(5) Deadline for Decision. Except for good cause shown, the appellate court shall issue its decision within 150 days after the filing of the notice of appeal or granting of leave to appeal pursuant to Rule 306(a)(5).
(6) Local Rules.
The appellate court of each district shall by administrative order or rule adopt mandatory procedures to ensure completion of child custody appeals within the time specified in paragraph (5). The order or rule may include provisions regarding the use of memoranda in lieu of briefs, expedited schedules and deadlines, provisions for the separation of child custody issues from other issues on appeal and any other procedures necessary to a fair and timely disposition of the case. The clerk of the appellate court shall be responsible
for seeing that the accelerated docket is maintained and for advising the court of any noncompliance with the rules of the court concerning timely filing.
(7) Continuances Disfavored. Requests for continuance are disfavored and shall be granted only for compelling circumstances. The appellate court may require personal
appearance by the attorney or party requesting the continuance as provided by local rule.
(8) Effective Date.
This rule shall apply to all orders in which a notice of appeal is filed after its effective date.
(b) Discretionary Acceleration of Other Appeals. Any time after the docketing statement is filed in the reviewing court, the court, on its own motion, or on the motion of any party, for good cause shown, may place the case on an accelerated docket. The motion shall be supported by an affidavit stating reasons why the appeal should be expedited. If warranted by the circumstances, the court may enter an order accepting a supporting record prepared pursuant to Rule 328, consisting of those lower court pleadings, reports of proceedings or other materials that will fully present the issues. In its discretion the court may accept memoranda in lieu of formal briefs. The court may then enter an order setting forth an expedited
schedule for the disposition of the appeal.
Adopted June 15, 1982, effective July 1, 1982; amended June 19, 1989, effective August 1, 1989; amended December 17, 1993, effective February 1, 1994; amended February 26,
2010, effective immediately.
(August 1, 1989)
Amended in 1989 to give the Appellate Court discretion, for good cause shown, to order cases to an accelerated docket on its own motion or on the motion of a party, rather than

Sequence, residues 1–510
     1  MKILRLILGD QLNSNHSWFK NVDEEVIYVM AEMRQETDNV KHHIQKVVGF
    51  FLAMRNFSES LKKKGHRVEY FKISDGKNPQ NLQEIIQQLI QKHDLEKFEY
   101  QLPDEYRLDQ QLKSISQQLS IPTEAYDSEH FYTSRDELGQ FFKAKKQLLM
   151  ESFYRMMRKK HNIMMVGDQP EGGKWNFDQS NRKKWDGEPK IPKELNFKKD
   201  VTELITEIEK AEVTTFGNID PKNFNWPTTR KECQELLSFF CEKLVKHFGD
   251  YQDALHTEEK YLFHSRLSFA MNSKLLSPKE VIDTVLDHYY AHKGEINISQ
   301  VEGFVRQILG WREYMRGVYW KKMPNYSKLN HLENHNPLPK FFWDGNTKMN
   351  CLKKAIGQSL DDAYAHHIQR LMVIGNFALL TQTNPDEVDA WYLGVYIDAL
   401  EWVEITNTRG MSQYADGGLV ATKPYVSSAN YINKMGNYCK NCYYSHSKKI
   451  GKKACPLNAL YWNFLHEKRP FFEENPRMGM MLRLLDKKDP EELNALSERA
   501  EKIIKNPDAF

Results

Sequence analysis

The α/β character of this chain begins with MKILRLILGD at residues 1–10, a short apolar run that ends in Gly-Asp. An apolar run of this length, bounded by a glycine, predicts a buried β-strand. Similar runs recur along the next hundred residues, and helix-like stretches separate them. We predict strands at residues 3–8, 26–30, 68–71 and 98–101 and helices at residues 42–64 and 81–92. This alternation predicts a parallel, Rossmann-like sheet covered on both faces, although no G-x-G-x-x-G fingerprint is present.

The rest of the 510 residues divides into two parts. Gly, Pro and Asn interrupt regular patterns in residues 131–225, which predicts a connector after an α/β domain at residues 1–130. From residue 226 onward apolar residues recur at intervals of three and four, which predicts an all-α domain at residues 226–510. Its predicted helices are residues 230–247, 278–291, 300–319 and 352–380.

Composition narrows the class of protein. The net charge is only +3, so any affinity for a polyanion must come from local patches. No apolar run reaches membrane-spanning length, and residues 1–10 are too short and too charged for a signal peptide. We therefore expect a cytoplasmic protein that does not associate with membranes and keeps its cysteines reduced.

requiring that all parties agree to such action.
(February 26, 2010)
Paragraph (a) was originally enacted as Rule 306A in 2004 to expedite the resolution of appeals affecting the care and custody of children. In 2010, Rule 306A was moved to
paragraph (a) of this rule. The purpose of this amendment was to streamline the wording of the rule and facilitate its use. The amendment was also intended to clarify that the rule addresses only the procedures to be followed in order to expedite disposition of child custody appeals. Importantly, this rule does not confer any new appeal rights or affect finality for purposes of appellate jurisdiction. The appealability of any order affecting child custody is governed principally by Rules 301, 304, 303, and 306. The expedited procedures
set forth in paragraph (a) apply to all child custody appeals, whether they have been taken from final orders appealable as of right or interlocutory orders from which the court has granted leave to appeal. The goal of paragraph (a) remains to promote stability for not only abused and neglected children, but also children whose custody is an issue in dissolution of marriage, adoption, and other proceedings, by mandating swifter disposition of these appeals.
encompasses the pre-2010 amendment version of Rule 311, which permits the expedited resolution of any appeal upon the request of any party and at the discretion of the appellate court.